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.Kinglists refer to his king as Nebka, others as Sanakhte and there is some question as to whether these are the same person or not. It may be that Nebka founded the dynasty and Sanakhte ruled later, perhaps after Khaba.
One theory holds that Djoser and his mother were already in power when Khasekhemwy died, so he may have usurped the throne from the rightful ruler (Djoser, either his father or brother). Most other egyptologists feel that he is a later king, between Djoser and Huni. His position in the chronology is problematic, as the horus-name Sanakhte cannot be assigned to any of the kings in the king list. However, it has been suggested that this is a horus-name for the king Nebka, who is only known in the king lists.
The Turin king list and Manetho show the succession as:
Others do not mention Nebka at all, including the writings of the Egyptians themselves. The archeological sources show that Nebka should be placed between Djoser and Huni, asserting that the Turin king list misplaced him (assuming you believe that Sanakhte and Nebka are the same king). Tradition holds that he was the founder of the dynasty and the older brother of Djoser, but this has been questioned lately.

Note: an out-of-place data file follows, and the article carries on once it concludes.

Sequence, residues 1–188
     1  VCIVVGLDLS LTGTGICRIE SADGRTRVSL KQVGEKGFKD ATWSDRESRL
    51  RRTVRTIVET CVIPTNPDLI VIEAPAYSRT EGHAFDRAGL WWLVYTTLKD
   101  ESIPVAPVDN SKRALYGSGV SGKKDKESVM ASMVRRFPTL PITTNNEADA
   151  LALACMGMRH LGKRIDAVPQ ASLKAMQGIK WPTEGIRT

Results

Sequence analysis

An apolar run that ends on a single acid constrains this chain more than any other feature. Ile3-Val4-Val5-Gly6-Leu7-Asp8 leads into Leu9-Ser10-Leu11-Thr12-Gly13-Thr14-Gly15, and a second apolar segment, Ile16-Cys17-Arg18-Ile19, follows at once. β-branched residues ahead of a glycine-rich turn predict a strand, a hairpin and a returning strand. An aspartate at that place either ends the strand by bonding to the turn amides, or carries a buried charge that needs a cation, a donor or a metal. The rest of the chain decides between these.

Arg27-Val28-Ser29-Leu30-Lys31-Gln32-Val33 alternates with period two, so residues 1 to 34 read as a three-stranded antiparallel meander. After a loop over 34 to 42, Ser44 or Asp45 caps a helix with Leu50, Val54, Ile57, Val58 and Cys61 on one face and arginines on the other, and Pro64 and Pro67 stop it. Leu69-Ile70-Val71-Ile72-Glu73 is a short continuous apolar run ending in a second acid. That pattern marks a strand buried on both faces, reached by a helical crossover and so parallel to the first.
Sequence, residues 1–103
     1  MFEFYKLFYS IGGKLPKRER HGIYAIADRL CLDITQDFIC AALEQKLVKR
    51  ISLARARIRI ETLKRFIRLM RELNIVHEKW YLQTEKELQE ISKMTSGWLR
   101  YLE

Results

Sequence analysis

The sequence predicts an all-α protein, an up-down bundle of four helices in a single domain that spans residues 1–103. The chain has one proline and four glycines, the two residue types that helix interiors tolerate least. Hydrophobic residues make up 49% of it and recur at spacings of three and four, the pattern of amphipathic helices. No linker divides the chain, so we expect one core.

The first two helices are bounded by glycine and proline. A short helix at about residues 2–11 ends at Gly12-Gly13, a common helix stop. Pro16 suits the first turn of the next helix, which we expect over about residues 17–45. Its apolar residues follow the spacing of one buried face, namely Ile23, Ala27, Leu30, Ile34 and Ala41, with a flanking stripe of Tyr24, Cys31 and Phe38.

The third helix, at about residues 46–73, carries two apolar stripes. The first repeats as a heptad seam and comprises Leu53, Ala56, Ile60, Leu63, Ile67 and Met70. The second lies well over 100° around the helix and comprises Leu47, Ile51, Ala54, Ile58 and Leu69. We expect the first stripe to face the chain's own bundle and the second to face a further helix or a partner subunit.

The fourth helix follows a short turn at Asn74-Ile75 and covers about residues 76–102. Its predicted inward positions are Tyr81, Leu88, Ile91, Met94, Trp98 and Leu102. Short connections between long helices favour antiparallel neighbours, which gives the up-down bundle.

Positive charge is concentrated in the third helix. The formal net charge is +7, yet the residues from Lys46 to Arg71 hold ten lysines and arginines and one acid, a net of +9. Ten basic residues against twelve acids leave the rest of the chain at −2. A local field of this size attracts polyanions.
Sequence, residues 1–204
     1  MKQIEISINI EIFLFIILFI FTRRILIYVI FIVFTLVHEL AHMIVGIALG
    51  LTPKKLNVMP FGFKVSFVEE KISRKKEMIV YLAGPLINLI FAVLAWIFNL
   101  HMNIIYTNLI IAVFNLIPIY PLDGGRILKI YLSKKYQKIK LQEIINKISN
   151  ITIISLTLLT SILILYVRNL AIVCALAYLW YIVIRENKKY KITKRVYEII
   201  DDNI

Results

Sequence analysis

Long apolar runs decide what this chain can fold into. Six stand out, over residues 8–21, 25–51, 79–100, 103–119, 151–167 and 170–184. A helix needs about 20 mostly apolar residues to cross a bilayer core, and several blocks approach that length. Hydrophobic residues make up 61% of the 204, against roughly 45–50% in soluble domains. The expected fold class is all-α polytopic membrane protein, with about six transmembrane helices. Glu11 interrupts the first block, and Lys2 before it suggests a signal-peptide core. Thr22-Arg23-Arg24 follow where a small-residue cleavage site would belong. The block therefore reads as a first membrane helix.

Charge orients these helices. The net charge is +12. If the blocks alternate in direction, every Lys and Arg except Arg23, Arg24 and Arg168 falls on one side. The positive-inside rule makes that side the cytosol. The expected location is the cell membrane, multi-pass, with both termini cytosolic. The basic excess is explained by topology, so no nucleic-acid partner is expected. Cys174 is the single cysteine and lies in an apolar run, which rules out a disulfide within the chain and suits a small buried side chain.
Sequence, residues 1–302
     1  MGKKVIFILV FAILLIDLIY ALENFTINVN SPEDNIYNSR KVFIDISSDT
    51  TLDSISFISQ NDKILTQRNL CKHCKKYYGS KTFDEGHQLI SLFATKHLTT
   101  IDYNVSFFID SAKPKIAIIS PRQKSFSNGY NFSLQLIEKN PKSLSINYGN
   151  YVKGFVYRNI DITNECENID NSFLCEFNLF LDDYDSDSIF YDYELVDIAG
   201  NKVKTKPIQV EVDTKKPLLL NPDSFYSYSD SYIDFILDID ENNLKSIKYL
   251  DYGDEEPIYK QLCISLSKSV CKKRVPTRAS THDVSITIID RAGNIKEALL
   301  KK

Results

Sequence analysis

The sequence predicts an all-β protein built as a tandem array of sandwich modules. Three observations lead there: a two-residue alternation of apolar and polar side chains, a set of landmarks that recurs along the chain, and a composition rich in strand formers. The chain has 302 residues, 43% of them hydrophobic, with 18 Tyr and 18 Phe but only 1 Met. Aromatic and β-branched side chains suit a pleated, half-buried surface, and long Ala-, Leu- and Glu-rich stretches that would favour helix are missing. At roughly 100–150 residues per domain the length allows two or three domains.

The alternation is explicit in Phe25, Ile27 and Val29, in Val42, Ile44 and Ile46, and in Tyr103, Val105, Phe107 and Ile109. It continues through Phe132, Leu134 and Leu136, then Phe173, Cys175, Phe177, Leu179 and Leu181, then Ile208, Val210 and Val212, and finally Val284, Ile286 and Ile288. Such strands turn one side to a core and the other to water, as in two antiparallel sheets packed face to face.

Traditionally, Nebka/Sanakhte was considered the founder of the third dynasty, but this has been questioned, since nothing is known of his reign. His tomb has not been identified with any certainty, although the remains found in a mastaba tomb from Beit Kallahf near Abydos match Manetho's description of a tall, heavily built ruler; there is some speculation that this may be his final resting place. No funerary monument (pyramid or temple) has been found.
The name Sanakht has been found in the remain of a small pyramid built on Elephantine (which was the southern border of Egypt at the time --the country was much smaller than we are used to). He is shown smiting a foe, a common "kingly" pose, on a fragment of relief found int eh Sinai, as well.